Hi, and thank you for taking the time to read this email.
I noticed a small (maybe 1/4") insect on the tip of a thorn of a small cactus in my back yard a couple weeks ago. I didn’t think much of it, but decided to take a close-up photo of it last Sunday; after reviewing the photo, I was shocked to see that the insect was in fact impaled! Since that time, I’ve wondered how this could have happened. I sent an email, including the same attached photos (two different cameras), to an entomologist at a local university and received the following response: "The earwig you see impaled could have been blown by the wind. They have been very strong lately. I see this with winged male ants after a mating flight. Great photos!" With all due respect to the PhD. who replied to my question, I still don’t see how this could have happened, even in a high-wind environment (in my estimation, the winds haven’t been THAT strong in So. Cal.). Also, notice that the earwig is impaled on a vertical thorn, meaning that the wind gust which led to its demise had to be strong enough to lift it off the ground then pound it down on the thorn with sufficient force to pierce its hardened thorax… incredible. I’m totally perplexed. I would be interested to hear whatever thoughts or opinions you may have about this. As I told the PhD. at Cal Poly Pomona, this is not a joke or an altered photo, and no one goes into my back yard other than me. Thanks again for your time,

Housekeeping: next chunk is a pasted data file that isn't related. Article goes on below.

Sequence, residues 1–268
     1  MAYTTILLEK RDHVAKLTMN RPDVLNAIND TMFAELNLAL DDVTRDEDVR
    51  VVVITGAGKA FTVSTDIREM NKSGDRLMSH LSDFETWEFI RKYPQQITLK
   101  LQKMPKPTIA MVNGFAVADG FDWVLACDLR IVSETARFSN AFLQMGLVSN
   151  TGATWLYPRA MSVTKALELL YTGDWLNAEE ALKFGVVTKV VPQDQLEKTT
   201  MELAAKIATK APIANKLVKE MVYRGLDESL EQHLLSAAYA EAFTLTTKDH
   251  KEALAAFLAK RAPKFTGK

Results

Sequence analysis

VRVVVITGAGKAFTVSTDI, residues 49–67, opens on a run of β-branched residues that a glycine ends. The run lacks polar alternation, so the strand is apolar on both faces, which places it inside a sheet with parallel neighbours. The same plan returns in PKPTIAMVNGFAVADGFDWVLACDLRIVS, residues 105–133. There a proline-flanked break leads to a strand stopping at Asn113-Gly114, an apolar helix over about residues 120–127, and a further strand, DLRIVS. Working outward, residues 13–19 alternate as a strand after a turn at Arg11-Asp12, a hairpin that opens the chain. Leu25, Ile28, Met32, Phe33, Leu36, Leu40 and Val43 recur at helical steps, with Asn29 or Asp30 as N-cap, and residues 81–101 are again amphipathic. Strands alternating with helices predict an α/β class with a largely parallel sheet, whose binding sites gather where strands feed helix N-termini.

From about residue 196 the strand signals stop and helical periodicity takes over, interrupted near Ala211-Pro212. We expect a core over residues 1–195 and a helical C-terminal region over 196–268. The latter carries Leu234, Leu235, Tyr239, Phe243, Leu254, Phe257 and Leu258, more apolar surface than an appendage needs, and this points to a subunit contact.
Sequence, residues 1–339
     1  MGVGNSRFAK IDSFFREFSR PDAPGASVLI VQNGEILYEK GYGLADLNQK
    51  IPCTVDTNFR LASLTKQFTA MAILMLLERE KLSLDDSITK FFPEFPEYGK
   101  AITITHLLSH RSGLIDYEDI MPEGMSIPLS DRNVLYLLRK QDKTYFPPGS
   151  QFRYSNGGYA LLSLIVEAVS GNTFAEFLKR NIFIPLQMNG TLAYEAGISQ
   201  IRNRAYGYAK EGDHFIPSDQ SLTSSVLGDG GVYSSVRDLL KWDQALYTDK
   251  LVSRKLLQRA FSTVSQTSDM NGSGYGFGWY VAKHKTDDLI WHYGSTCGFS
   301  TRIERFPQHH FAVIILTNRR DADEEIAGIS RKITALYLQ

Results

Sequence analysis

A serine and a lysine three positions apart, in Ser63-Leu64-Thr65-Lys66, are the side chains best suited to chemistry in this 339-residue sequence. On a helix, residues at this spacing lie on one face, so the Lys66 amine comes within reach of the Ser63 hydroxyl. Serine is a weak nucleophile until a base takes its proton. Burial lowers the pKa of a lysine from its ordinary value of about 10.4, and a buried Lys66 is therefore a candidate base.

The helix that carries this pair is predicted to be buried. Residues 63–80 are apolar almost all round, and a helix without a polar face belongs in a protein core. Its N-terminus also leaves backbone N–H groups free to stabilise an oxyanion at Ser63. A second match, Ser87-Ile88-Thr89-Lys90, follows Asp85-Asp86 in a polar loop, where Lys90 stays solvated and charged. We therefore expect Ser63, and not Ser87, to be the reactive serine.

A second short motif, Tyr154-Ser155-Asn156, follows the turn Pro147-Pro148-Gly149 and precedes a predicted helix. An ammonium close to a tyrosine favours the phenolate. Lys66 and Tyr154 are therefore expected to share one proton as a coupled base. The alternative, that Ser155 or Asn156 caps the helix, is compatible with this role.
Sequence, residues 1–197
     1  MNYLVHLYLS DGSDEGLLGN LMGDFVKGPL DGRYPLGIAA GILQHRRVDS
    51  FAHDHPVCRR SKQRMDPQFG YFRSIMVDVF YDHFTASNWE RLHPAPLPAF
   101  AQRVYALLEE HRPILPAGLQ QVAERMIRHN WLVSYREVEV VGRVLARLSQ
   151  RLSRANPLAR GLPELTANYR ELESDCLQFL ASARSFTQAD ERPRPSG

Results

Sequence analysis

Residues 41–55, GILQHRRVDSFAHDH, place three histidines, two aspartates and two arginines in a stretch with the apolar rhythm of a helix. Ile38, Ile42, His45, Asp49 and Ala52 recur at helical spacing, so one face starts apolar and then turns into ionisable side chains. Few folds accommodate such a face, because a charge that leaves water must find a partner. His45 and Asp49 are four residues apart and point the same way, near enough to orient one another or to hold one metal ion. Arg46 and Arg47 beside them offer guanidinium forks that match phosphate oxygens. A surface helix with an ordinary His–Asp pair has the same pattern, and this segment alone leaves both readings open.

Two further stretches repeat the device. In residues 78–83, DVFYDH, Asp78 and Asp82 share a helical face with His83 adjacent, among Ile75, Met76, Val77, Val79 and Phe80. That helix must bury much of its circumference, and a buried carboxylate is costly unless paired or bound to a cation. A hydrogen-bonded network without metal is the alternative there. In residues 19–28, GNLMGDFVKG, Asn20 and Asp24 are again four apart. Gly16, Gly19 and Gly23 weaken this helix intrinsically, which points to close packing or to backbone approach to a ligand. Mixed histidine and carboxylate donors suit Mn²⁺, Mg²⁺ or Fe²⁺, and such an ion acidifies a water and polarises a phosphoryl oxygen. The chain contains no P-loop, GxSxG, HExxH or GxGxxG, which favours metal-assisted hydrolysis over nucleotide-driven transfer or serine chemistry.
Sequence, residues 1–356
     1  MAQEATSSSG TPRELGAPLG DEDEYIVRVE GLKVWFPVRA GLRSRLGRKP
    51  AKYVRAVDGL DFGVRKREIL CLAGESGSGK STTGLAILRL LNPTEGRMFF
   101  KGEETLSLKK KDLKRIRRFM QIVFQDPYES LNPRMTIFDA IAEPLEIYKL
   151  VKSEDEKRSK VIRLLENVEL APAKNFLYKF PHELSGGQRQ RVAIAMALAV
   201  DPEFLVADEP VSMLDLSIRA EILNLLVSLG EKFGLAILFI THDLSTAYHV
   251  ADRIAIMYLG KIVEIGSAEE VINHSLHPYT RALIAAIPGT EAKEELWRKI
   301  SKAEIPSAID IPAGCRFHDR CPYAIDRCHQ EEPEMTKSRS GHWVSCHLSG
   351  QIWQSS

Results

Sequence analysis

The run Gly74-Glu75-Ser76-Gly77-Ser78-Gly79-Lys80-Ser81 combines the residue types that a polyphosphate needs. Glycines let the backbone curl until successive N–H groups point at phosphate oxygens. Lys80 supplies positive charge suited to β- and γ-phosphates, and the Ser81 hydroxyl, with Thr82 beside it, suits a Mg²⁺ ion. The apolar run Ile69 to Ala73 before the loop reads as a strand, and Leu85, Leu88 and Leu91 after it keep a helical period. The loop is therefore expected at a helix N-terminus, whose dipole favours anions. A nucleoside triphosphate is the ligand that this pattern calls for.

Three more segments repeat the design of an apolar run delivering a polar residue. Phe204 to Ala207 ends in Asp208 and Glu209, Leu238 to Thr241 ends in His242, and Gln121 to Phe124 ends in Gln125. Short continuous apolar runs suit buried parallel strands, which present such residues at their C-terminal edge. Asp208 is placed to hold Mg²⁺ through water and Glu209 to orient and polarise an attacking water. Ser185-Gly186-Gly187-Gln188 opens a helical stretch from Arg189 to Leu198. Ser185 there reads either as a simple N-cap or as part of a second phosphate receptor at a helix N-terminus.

San Dimas, CA
First of all, we don’t think our art degrees can stack up to a PhD in Entomology, but we do have another thought. The wind or some other freak accident of nature could be responsible, and I doubt if you have the resources to call in the CSI to see if foul play could be afoot. Our theory is a bird. Some birds, including we believe jays (and shrikes), are known to impail insects on thorns and return for a meal later. That is the best we can offer.
Hi bugman. The SHRIKES- either Loggerhead or Northern – frequently impale insects on twigs and thorns as a way of “putting food aside for later”. Both species can be found in CA in winter.